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Writing Better White Papers

Updated on January 5, 2014

Text Sells

However you bring people into your landing pages or web site; in the end, it is the text they read that will make them want to take the next step towards becoming a customer.
Creating that text isn’t just a matter of writing it! Well crafted marketing copy must achieve several things:

  • Capture the visitors attention within those critical few seconds before they browse away to another web site
  • Keep the attention of the visitor long enough to get your key messages across
  • Prove an understanding of the needs that brought the visitor to the web page
  • Develop the key product messages around meeting that need
  • Create a desire to know more about what is on offer
  • Deliver a strong call-to-action to get the visitor to do something that results in further engagement

White Paper Flow

AIDA in Action
AIDA in Action

Overly technical White Papers

Many technical people say that not all copy has to be written like this; they write white papers to deliver information that people in the market for their products will find interesting. Most white papers don’t get read. Not just don’t get read right to the end, but don’t get read past the first couple of paragraphs. Why? Mostly because they are not written for the reader, they are written as an outpouring of knowledge by the writer. The only people who do read them are the ones the writer cajoles into proof reading them before publication. Of course, the people chosen as proof readers usually have less technical knowledge than the writer and don’t feel comfortable suggesting significant changes.

So we have a situation where most white papers are exuded by the company subject matter expert and make it, mostly unchallenged, onto the company web site where they get a reasonable number of downloads but we never know if they are driving any business because there is no call-to-action in the white paper that would have sent people to a specific URL where they could be counted.

This is not a snipe at subject matter experts, this author has held that title in several companies and knows the process from having perpetuated it more than once. You also can’t blame marketing, they are usually so grateful to get the output from the SME that they would never do anything to upset that person, by, say, suggesting a few edits that might taint the copy with a little commercialization. Been there too!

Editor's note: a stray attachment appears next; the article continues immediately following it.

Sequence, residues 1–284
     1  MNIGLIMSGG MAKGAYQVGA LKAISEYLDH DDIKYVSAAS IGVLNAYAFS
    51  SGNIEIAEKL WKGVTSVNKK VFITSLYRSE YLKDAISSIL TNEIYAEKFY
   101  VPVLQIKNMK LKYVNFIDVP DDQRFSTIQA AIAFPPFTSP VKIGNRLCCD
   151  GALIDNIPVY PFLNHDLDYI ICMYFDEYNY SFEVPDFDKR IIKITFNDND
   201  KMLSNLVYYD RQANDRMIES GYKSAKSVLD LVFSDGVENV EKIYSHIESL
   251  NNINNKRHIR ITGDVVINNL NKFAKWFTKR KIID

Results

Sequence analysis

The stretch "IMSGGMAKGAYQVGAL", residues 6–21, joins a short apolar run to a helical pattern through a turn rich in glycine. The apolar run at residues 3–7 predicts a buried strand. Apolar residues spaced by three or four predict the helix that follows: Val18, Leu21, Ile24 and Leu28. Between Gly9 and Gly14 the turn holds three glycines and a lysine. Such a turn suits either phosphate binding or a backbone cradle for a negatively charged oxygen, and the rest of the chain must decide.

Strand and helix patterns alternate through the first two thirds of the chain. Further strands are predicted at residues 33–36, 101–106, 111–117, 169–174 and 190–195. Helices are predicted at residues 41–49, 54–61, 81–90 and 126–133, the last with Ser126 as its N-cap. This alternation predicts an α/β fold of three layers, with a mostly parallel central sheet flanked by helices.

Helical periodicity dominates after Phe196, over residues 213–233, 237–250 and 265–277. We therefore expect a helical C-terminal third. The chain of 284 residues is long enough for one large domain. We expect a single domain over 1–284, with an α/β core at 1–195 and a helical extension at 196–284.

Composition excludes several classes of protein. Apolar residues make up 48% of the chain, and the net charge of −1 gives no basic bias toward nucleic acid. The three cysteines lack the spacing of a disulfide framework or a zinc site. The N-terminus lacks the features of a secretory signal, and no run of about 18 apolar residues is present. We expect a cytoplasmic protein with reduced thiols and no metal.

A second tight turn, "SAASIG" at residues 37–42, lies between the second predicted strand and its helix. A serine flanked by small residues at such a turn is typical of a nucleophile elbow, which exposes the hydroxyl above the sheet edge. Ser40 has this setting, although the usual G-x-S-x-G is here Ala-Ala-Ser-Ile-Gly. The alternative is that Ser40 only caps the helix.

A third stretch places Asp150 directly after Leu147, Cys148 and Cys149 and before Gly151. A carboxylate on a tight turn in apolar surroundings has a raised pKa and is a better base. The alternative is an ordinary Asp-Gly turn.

Better White Papers Through Understanding

It can all be fixed. Make sure everyone involved in the process knows that they are working for a company that sells stuff, to make a profit, to pay salaries and that everything that is done has to be, at least in part, smoothing the way towards that goal.

The white paper doesn’t have to close with a link that says – ‘now click here to go buy the product.’ There should however be something in there that asks the reader to do something, even if it’s to go to another URL to get more information, something that can be measured so that someone, somewhere can measure the effectiveness of having a subject matter expert spend several days creating the paper in the first place instead of being out talking to customers (for example).

The title of the paper and maybe a brief summary will get people to download the paper in the first place
That very first paragraph has to nail your intended reader and get them sufficiently interested to read on
Develop the text to deliver what you promised in the title and first paragraph and do whatever it is you planned the paper to achieve. It could be selling your company as subject matter experts or proving that your solution is the best one to solve the problem the prospective customer has.
Never finish a paper without getting them to do something. In a long paper you might put trial call to actions throughout the paper. That's a good way of getting feedback on which areas of the paper garner the most interest.
Summary route to a great white paper


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